© 2019 Objective: To evaluate the experience with sentinel lymph node (SLN) biopsy in patients with early-stage cervical cancer at our hospital, and to analyze factors influencing the rate of false negatives. Study design: This study was carried out at the Vall d'Hebron Hospital (Barcelona, Spain) between September 2000 and October 2016. All patients underwent SLN biopsy and systematic and bilateral pelvic lymphadenectomy, followed by radical hysterectomy. SLNs were analyzed by the pathologist by staining with hematoxylin-eosin and immunohistochemistry. Results: Patients (N = 128) had been diagnosed with early-stage cervical cancer (FIGO-2009 stages 1A2, IB1, and IIA1). The combined SLN detection rate (99-technecium and a blue dye) was 98.4%, bilateral in 76% of the patients. Positive SLNs were found in 19 patients (14.8%). Sensitivity of detection was 79.2% (CI95, 57.9–92.9), false negative rate 20.8% (CI95, 7.1–42.2), and negative predictive value 95.4% (CI95, 89.6–98.5). False negative cases were observed in 5 patients with tumors >2 cm and presenting lymphovascular space invasion. Micrometastases were detected during SLN ultrastaging in 3 patients (2.3%). The median follow-up was 8.24 years and the 5-year overall survival (OS) was 88.4% (CI95, 80.9–93.1). Conclusion: SLN mapping and biopsy in early-stage cervical cancer is feasible and has high sensitivity to detect patients with initial metastases. The risk of false negatives could be lower in certain groups of patients, such as those with tumors ≤2 cm and no lymphovascular space invasion, but future studies will be required to test this hypothesis.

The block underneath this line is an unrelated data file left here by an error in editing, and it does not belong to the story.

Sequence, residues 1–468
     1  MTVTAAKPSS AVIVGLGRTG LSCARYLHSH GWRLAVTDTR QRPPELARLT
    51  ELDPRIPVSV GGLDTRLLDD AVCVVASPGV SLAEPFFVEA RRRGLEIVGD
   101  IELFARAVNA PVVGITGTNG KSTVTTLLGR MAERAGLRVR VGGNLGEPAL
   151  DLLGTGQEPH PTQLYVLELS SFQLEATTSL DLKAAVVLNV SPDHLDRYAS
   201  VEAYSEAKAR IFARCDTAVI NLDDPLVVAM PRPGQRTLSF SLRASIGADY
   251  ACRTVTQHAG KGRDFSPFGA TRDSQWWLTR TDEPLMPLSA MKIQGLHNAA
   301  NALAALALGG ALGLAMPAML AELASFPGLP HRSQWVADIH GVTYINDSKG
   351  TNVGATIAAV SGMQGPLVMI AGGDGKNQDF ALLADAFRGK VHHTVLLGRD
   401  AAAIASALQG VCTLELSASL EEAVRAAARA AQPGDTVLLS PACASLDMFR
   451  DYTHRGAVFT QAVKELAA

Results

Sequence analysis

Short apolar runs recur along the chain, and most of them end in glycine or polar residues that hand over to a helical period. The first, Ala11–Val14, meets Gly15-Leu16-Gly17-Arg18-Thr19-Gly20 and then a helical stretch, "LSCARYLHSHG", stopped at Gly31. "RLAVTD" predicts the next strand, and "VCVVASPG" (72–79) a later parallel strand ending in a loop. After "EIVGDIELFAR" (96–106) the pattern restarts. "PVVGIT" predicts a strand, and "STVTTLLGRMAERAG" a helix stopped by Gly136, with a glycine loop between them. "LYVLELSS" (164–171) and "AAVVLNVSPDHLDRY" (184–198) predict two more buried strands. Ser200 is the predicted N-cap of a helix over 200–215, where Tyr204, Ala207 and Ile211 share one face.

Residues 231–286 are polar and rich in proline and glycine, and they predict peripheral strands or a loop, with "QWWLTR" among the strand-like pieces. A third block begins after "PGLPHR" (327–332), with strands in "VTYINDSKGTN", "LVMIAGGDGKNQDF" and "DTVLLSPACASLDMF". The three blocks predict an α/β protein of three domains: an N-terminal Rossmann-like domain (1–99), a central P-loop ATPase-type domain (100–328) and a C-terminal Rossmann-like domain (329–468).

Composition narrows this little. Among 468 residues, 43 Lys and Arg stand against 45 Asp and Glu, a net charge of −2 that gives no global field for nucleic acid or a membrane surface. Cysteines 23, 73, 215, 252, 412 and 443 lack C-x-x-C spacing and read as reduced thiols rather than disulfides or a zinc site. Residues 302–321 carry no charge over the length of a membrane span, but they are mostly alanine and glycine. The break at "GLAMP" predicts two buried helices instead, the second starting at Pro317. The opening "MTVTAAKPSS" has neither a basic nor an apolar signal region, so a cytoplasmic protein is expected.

|Journal||European Journal of Obstetrics and Gynecology and Reproductive Biology|
|Publication status||Published - 1 Oct 2019|
- Cervical cancer
- Sentinel lymph node